Wednesday, May 5, 2010
I’ve grown up around show business my whole life. With my mom being a renowned model and actress, I was pretty much exposed to both industries from birth. I later married an actor and had kids with him, then remarried another actor again years later. I have seen enough of the business from the inside out to feel somewhat sophisticated about it, and dare I say, jaded by the flash and illusions that that world propagates. I can give or a take a red carpet these days and with all the celebrity sightings and run-ins in my Hollywood community, I am rarely phased by any of it. So I like to think of myself as someone who doesn’t subscribe to the shenanigans Tinseltown cultivates. But isn’t it true that once you espouse a belief about yourself and really take it on as your truth, the Universe challenges it…and in my case, often in the form of my children.
My rude awakening was at Halloween when Eliana was loaned a Marie Antoinette costume that had come all the way from Versailles itself. Thankfully, for the integrity of my daughter’s and my relationship, she was game to wear it. Otherwise I had already built a case in my mind that if she refused and instead lobbied to be pedestrian Gabrielle from High School Musical, we were definitely going to have a throw-down. I immediately went to work and located the 'de rigeur' special white face powder from a professional makeup artist’s store; borrowed a fabulous fake emerald tiara from a friend; ordered a white, piled high wig online and dug through decorations to find a little stuffed bird (Marie Antoinette often put unusual objects in her ornate hairstyles). And finally, together we watched Sofia Coppola’s sumptuous biographical movie in preparation for the big night of trick-or-treating.
And she did look perfect. My husband shook his head watching me in a flurry of activity primping Eliana to within an inch of her life. To say I was ‘into it,’ was a gross understatement. Later that night, when she won First Prize for Best Costume at a creatively competitive costume party, beating out a hundred other kids, I whooped and high-fived everyone around me. I startled my husband and son, with my unusual display of public enthusiasm, instead of my usually socially reserved self. I kept repeating loudly, “She won! She won!” to anyone and everyone around me. Peripherally, I could see my husband and son inching away from me, and even my daughter, from the makeshift stage, I could tell was mortally embarrassed. I surprised myself, and acknowledged inwardly right then and there, “I’m a Stage Mom…who knew?’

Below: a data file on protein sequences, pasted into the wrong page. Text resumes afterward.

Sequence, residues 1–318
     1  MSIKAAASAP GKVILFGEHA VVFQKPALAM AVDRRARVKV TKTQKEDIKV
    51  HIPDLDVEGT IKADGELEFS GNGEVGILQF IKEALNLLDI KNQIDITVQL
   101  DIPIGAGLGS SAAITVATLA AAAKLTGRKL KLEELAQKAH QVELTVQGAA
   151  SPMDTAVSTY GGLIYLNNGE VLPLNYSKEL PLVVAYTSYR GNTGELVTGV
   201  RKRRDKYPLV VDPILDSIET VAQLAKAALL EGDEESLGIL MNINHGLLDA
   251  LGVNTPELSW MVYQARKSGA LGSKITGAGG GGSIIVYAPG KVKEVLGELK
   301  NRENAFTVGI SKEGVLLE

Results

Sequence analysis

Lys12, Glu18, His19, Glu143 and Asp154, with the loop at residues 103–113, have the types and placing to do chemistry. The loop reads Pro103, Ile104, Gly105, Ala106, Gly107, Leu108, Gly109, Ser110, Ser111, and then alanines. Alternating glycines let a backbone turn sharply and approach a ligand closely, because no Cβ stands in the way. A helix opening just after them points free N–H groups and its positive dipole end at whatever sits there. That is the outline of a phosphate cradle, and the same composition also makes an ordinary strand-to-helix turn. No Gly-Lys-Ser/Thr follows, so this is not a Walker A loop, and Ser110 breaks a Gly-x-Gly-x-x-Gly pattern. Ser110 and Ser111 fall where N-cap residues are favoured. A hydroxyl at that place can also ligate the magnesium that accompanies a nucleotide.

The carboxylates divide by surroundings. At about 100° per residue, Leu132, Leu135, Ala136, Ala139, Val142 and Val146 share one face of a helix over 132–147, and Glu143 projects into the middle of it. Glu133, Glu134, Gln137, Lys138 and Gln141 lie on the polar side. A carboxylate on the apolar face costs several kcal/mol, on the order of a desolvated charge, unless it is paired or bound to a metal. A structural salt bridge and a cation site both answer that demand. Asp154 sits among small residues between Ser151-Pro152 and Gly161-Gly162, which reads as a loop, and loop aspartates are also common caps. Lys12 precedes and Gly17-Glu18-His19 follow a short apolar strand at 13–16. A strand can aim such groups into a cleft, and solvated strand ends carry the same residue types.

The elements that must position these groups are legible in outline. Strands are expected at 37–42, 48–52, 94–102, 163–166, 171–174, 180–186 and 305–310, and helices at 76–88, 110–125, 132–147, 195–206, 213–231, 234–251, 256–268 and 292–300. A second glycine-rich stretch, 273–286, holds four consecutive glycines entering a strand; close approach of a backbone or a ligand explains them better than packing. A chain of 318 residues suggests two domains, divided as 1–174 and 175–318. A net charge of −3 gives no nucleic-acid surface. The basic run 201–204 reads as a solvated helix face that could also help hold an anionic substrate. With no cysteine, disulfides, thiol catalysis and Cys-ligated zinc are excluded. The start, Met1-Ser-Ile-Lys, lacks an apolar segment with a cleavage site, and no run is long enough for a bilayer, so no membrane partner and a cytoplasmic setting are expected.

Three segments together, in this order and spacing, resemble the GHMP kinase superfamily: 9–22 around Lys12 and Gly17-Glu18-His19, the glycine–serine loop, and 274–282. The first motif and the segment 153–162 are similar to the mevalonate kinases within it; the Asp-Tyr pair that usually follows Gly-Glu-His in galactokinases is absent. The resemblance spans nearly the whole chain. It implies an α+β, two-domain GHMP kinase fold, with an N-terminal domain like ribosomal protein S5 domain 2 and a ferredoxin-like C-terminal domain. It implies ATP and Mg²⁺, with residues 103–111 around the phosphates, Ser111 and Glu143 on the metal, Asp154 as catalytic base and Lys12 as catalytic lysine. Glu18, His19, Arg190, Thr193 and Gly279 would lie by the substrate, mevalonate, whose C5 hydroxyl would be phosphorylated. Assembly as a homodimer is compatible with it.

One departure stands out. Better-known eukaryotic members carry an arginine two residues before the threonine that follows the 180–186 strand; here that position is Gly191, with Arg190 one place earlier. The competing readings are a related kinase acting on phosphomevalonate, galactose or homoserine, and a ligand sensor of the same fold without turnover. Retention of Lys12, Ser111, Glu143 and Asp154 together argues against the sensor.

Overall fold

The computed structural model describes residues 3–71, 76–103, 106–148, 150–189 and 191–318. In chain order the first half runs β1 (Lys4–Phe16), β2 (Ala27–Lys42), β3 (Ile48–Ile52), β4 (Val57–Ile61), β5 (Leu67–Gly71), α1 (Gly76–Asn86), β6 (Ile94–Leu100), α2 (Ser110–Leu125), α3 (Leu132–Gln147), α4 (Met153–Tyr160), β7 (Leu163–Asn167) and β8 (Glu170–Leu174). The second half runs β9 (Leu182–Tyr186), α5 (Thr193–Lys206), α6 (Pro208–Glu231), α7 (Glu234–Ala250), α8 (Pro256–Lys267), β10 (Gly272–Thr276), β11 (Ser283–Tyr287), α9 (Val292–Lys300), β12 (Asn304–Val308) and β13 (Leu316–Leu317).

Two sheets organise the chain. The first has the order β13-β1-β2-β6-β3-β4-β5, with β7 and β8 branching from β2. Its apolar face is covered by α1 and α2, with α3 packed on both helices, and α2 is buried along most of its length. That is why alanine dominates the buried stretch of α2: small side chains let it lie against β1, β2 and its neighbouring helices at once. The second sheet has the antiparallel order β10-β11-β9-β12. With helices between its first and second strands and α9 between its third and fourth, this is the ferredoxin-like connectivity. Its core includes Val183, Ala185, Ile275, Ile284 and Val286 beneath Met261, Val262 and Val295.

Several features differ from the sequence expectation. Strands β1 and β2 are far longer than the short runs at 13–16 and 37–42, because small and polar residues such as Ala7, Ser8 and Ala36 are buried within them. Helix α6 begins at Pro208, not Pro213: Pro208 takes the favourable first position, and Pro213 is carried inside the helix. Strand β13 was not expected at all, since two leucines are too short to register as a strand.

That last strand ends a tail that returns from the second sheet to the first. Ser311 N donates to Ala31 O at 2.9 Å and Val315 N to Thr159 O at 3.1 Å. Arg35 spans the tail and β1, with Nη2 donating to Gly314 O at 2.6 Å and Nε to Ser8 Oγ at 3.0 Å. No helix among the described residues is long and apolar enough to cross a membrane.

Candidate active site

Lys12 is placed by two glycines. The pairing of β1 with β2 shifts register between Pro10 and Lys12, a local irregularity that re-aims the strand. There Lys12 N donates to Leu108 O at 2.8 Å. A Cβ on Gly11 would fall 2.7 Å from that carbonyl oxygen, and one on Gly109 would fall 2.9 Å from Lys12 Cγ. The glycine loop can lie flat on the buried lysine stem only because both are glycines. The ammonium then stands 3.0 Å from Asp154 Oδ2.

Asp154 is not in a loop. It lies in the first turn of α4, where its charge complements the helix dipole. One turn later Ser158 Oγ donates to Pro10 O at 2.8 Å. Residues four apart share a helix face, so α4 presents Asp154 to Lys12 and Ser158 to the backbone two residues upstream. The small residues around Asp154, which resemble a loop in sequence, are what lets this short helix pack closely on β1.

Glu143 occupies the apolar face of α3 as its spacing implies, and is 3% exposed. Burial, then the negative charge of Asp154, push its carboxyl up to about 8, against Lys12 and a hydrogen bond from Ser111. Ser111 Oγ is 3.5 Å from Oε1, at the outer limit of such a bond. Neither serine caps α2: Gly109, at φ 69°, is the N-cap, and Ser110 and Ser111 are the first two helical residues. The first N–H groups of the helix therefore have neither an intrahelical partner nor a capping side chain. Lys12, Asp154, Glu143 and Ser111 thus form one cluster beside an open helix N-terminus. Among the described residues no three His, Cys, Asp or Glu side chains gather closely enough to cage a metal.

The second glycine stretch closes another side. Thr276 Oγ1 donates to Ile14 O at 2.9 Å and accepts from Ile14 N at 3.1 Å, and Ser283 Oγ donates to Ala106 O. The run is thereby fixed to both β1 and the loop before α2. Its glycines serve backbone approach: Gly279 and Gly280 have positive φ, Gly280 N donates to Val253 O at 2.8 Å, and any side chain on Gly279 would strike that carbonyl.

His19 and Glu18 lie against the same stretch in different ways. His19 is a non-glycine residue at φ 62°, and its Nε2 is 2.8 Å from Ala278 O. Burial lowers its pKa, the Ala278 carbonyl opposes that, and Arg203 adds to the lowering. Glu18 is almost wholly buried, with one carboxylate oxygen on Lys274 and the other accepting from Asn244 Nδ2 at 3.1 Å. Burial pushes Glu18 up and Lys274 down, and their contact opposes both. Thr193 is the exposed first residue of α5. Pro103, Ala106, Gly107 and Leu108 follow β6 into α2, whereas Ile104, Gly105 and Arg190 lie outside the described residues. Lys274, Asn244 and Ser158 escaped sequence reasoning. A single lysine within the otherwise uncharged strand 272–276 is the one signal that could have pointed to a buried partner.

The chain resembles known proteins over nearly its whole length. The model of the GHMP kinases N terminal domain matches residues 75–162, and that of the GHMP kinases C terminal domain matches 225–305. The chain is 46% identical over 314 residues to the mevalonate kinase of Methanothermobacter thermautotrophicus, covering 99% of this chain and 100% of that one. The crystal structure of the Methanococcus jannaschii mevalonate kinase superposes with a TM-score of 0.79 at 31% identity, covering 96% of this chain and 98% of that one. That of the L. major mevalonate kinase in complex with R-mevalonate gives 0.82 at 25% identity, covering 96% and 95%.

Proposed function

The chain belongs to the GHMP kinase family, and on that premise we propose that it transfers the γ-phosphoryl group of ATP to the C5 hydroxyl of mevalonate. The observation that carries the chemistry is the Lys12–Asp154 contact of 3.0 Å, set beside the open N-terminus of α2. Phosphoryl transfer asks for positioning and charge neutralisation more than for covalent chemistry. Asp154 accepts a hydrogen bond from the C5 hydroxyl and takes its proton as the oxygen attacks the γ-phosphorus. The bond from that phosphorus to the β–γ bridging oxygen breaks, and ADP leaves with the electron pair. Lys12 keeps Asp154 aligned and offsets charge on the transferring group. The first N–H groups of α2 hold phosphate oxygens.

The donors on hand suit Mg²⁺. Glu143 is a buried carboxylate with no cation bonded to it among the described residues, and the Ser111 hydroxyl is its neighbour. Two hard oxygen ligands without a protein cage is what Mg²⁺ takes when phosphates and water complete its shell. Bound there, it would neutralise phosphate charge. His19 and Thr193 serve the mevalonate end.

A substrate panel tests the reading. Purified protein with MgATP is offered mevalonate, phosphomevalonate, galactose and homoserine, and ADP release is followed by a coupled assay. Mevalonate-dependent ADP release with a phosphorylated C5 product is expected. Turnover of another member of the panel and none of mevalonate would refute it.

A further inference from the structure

I began embracing it. When casting announcements were made for her first school play last year, I was hugely disappointed when she was given a made-up part in High School Musical: “a friend of Sharpay’s.” But I hid it well with “That’s great honey! You bring all your personality to it and you’ll shine out there no matter how small your part.” Props to me! I sat through that painfully low budget performance with its requisite wooden acting, and I silently cursed the director for not highlighting my super-talented daughter’s abilities by not giving her a meatier role. In the car ride on the way home, I ‘constructively’ pointed out to Eliana that she was downstage and profile the entire show. “But that’s how Miss Amanda told me stand, Mommy.” And here it comes, the ultimate Stage Mom-standing-in-the-wings stage direction, “Ellie, you always face the audience, Honey. Doesn’t matter what the director tells you. You can always just turn your head to face the audience and your body stays on your mark to keep the director happy, OK? Otherwise no one gets to see you and your beautiful face up there.” Yikes! The car was silent for a moment, as I took stock of my own advice. My husband looked over at me - a man who does this for a living, mind you - and rolled his eyes, “OK simmer down Mrs. Ramsey… We don’t want to create a monster, here. Ellie, you did great. Don’t listen to your mom right now, she’s under the influence of her own insane, twisted ambition!” We laughed heartily at my newly developing persona… It seems I was the one becoming a monster!